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Quinn and Iverson argued that students “need
to be engaged more and to be put at the centre of the learning experience to change
from ‘passive vessel’ to ‘active participant'” (as cited in Pannesse &
Carlesi, 2007).

Delacruz (2011) evaluated games as tools to
support formative assessment and examined how varying the level of detail about
a game’s scoring rules affected learning and performance in mathematics. Her
research found that combining elaborated scoring explanation with incentives
for accessing game feedback resulted in higher learning gains.

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According to Gee (2007), high quality immersive
games require players to think systemically and consider relationships instead
of isolated events or facts. The abundance of options and possible decision
points within games forces players to not only apply their knowledge but to
adapt their knowledge to varying situations. They must think abstractly because
they are playing abstractly. This helps to develop their skills in
decision-making, innovation, and problem-solving (Johnson et al., 2011).

The 2011 Horizon report suggests that
augmented reality and game-based learning will gain widespread use in two to
three years (Johnson, Smith, Willis, Levine, & Haywood, 2011).

The Education Arcade examined case studies
and analyses of the games I Love Bees and Civilization, which demonstrate the higher-order
cognitive skills of collaboration and collective intelligence, as well as
analysis and complex argument (Klopfer et al, 2009).

A recent
large-scale review of educational gaming in schools surveyed over 500 teachers
across Europe and has reinforced these findings, citing that beyond increased
motivation, teachers using games in the classroom have also noted improvement
in several key skills areas (Joyce, Gerhard & Debry, 2009, p. 85):

Although a large
number of researchers are convinced about the effectiveness of serious games
and gamification for  educational  purposes, 
there  is  a 
lack  of  high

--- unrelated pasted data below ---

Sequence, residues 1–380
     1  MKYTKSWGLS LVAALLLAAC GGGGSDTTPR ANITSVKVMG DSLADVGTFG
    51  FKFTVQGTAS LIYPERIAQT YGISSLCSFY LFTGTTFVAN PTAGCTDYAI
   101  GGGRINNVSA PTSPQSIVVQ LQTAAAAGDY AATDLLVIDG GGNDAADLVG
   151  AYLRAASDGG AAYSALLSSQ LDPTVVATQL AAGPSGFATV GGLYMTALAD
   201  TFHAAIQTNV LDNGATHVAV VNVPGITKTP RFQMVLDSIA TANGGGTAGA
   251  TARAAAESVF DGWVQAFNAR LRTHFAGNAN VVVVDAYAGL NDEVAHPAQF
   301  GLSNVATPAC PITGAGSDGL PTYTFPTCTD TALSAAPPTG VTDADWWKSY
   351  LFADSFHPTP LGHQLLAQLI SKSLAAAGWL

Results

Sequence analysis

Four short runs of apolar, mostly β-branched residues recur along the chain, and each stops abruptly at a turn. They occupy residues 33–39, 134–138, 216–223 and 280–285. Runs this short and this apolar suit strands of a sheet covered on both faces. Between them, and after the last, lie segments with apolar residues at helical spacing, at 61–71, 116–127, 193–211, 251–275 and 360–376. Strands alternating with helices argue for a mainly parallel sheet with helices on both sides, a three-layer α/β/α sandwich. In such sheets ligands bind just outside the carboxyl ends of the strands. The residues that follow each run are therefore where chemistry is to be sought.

quality empirical  evidence  that 
they improve  learning  outcomes 
(De  Freitas 
Jarvis,  2007).  A 
number  of  meta-analyses 
have  been conducted  for 
empirically  evaluating  the  use  of 
serious  games  and 
gamification  to  increase 
the effectiveness of training and learning and there are still no firm
conclusions (Connolly et al., 2012; Girard 
et  al., 2012; Ke,  2009; Sitzmann,  2011). 
More  rigorous  evidence 
of  the  effectiveness 
of gamification to improve learning is needed as well as improving our
understanding of the nature of engagement in games (Connolly et al., 2012).

Marzano (2007) has
been involved in over 60 studies on using games in the classroom and their
effect on student accomplishment which showed a 20 percentile increase in their
achievement. Several studies have concluded that games had positive effects on
problem solving, achievement, and interest and engagement in task learning
(Kim, Park, & Baek, 2009; Tuzun et al., 2008; Wideman, Owston, Brown,
Kushnirk, Pitts, et al. 2007; Oyen and Bebko, 1996; Robertson & Howell,
2008). This study proposed that teacher-made instructional card games have a
positive effect on the learning of chemistry concepts.

The findings of the
content analysis process revealed factors influencing the academic performance
in Biology (Tom, Coetzee and Heyns, 2014). They therefore  concluded 
that the main factor identified were biological  science 
contents,  characteristics  of 
educators,  educational  strategies, 
resources  and biological science
assessment.

Snezana et al.
(2011) outlined in his study that academic achievement  in lessons 
began  with  experiment 
or  slide  demonstration 
was  higher  than lessons beginning  with 
lecture  method.

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